Presentation on theme: "Intergenerational impacts of maternal mortality related to HIV in South Africa L. Knight1 and A.E. Yamin2 1. School of Public Health, University of Western."— Presentation transcript:
Intergenerational impacts of maternal mortality related to HIV in South Africa L. Knight1 and A.E. Yamin2 1. School of Public Health, University of Western Cape, South Africa 2. François-Xavier Bagnoud Center for Health and Human Rights, Harvard University, Boston, Massachusetts, United States
Background Despite good access to services, South Africa still has a high maternal mortality ratio (MMR) ≈300 deaths/100,000 live births. 2010 WHO estimates suggest 60% of maternal deaths are attributed to HIV. HIV-infected mothers face greater risk of complications in pregnancy and childbirth compared to HIV-negative. Maternal deaths are largely preventable. It is important to consider the intergenerational impacts of maternal mortality, in a high HIV prevalence context, on the well-being of the surviving infant and older children. This study aims to provide: ▫insight into the consequences of maternal mortality for child well-being. ▫a detailed account of the impacts of maternal deaths on families. The study utilised qualitative research using in-depth interviews with family members, stakeholders and FGD with community.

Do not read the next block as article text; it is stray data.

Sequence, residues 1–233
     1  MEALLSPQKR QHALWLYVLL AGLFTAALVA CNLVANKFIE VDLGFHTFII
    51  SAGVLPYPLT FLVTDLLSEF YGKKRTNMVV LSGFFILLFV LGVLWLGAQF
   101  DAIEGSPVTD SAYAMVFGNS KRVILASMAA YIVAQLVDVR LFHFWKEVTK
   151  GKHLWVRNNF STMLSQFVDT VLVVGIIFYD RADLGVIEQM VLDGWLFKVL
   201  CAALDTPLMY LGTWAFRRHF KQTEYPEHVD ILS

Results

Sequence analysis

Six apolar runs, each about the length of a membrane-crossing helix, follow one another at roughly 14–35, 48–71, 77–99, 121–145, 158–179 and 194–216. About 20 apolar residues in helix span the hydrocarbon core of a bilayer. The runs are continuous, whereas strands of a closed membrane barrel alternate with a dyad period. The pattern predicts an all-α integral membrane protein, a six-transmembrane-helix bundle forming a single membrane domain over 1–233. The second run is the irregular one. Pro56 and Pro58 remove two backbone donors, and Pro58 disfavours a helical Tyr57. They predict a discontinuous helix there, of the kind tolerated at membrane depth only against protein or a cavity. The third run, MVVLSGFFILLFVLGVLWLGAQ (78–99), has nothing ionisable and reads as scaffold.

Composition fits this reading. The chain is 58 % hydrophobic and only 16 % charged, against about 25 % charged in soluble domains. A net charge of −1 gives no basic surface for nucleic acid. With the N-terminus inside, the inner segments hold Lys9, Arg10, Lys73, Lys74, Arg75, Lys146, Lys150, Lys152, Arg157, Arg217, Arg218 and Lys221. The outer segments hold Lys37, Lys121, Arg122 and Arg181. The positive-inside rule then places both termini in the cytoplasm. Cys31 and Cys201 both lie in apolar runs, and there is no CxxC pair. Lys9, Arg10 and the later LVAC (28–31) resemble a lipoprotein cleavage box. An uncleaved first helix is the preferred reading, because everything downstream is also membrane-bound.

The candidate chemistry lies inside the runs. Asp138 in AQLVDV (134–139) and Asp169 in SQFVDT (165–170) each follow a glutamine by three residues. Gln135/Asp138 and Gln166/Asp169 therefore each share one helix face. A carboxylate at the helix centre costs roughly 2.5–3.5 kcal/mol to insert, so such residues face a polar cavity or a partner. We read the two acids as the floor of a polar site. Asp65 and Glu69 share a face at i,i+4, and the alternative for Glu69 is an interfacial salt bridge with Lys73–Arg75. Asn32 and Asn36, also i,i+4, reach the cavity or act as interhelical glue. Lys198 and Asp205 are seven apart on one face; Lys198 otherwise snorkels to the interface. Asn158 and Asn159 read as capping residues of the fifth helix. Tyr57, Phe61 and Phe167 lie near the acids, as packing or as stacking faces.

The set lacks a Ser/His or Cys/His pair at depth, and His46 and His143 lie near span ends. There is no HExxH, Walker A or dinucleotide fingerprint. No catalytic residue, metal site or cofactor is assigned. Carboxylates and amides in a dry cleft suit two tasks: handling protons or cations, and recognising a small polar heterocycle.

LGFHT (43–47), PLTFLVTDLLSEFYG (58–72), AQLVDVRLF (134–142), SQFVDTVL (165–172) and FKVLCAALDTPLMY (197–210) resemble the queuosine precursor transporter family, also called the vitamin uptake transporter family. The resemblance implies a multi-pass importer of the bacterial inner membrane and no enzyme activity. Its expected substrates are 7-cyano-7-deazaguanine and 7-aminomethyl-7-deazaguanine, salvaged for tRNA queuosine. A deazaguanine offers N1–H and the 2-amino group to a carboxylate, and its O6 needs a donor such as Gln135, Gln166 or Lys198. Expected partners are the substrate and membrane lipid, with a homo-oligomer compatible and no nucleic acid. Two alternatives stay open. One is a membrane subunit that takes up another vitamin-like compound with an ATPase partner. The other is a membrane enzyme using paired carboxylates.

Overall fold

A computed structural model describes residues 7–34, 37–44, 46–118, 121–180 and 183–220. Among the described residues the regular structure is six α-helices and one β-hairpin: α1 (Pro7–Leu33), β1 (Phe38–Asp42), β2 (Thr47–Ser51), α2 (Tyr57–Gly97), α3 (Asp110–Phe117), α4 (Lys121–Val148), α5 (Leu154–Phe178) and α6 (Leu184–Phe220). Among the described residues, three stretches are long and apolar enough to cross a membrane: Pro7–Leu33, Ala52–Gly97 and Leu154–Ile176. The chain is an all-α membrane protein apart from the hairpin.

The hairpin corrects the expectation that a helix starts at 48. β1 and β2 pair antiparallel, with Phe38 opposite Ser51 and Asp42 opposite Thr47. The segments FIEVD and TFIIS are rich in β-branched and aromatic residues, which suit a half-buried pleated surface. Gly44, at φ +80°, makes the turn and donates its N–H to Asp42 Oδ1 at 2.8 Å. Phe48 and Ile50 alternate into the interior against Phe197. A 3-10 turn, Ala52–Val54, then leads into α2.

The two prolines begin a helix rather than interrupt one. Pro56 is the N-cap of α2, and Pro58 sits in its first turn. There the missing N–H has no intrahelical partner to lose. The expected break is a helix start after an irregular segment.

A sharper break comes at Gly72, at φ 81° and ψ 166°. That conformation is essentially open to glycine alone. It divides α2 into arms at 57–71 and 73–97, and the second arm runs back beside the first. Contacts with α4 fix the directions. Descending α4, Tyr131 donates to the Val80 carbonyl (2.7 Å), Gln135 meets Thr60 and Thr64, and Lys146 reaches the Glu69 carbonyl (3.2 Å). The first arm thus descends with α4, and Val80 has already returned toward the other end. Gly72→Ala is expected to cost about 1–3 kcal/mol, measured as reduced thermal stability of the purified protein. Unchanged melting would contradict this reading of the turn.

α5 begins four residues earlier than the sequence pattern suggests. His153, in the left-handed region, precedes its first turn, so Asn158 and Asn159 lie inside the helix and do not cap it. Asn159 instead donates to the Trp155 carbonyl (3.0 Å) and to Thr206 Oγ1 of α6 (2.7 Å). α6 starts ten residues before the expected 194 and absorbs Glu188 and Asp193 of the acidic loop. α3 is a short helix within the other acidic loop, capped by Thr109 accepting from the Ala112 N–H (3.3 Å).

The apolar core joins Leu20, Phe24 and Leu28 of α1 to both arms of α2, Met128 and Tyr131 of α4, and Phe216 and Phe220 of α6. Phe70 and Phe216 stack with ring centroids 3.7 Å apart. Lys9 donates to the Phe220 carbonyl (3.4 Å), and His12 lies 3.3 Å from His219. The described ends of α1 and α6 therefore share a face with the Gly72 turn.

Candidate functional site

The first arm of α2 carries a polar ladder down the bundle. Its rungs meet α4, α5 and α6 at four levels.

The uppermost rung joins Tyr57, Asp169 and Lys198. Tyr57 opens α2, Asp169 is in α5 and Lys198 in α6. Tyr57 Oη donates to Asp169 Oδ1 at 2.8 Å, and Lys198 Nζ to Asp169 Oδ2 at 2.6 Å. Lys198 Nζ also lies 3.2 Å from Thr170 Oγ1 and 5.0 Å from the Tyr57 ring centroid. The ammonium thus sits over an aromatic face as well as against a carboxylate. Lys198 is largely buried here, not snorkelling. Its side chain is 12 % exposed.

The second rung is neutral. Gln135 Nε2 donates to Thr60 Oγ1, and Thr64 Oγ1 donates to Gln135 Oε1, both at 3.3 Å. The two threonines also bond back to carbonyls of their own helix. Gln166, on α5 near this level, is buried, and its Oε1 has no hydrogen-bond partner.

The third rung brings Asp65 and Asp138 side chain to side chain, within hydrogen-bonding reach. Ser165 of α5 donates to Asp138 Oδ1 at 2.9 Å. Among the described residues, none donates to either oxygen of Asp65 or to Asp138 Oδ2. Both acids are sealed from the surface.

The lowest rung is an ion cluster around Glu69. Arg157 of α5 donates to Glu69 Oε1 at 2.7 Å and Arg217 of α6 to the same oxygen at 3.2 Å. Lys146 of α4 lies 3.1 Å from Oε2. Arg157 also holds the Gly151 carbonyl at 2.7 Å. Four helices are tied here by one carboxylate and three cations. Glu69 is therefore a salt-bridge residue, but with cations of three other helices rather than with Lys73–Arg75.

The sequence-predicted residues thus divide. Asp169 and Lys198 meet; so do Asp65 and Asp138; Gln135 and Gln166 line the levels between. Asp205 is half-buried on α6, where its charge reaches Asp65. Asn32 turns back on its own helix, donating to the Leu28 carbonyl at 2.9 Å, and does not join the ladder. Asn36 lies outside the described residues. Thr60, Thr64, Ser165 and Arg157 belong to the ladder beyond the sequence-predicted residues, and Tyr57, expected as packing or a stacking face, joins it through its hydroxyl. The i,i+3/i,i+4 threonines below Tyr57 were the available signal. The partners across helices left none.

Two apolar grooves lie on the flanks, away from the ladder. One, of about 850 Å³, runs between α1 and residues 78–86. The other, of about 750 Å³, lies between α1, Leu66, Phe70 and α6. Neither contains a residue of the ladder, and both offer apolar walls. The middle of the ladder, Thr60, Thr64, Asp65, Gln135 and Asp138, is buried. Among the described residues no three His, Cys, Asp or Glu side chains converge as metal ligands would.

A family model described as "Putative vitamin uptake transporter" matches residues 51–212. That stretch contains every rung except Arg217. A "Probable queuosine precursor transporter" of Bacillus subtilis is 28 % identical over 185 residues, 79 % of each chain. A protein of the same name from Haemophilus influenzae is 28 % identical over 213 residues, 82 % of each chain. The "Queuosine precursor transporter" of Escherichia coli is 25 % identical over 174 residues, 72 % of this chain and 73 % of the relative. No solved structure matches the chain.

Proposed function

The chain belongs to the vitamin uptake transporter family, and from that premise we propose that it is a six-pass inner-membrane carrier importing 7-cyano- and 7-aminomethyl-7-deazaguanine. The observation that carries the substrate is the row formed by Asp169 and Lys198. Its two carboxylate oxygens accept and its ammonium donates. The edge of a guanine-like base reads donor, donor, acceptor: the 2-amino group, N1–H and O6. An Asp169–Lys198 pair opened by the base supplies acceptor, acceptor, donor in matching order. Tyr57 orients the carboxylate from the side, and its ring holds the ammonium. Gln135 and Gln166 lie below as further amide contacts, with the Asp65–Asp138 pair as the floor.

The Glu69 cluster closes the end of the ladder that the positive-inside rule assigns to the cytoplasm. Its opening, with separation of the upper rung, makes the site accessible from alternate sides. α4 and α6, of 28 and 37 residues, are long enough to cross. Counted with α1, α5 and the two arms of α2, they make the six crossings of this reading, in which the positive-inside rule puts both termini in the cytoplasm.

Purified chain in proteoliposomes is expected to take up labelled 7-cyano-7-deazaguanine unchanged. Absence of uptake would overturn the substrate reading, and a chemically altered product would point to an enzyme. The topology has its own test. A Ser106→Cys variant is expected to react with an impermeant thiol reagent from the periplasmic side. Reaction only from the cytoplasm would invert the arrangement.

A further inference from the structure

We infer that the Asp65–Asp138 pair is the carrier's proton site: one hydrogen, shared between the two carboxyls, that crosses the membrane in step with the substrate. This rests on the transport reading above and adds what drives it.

Results Caregiving for children left behind The primary impact is a change in primary caregiver. ▫In this context gender norms dictate that childcare is women’s work. Caring for children had knock on impacts for employment and health. Caring poses a potential human and financial burden for households: ▫Households nevertheless manage to rally resources in response. ▫Indirect social grants (old age and child support) were vital for financial security. Impact of death on infant children Infants do not gain from acknowledged benefits of breastfeeding. Social grants are particularly important in infancy allowing families to provide for infants. Impact of death on young children A number of children were sickly and required care or treatment for HIV. The emotional impacts of a mother’s death were felt more acutely by older children. Emotional difficulties manifested in difficult behaviour and poor schooling outcomes. Impact of death on older children Adolescence is a difficult period. Older girls were perceived to be at risk of abuse, early sexual debut, teenage pregnancy and HIV.
Conclusions Despite their important role, female caregivers were not always prepared for this responsibility. The burden of a maternal death is a burden at household level. Access to social grants enabled households to cope financially. Emotional support and caregiving was harder for families to provide in the absence of a mother. A mother’s absence is most notable as children get older and require greater emotional support, guidance and care. The prevalence of HIV in the South African context and the risk it poses to women has knock-on effects for the children of HIV- positive women who die as a result of maternal complications. The economic and social costs of maternal mortality provide evidence for the need to invest in maternal health. Ensuring adequate family planning, antenatal and emergency obstetric care is critical for preventing maternal death. Ensuring social protection and community support is key for affected children and families.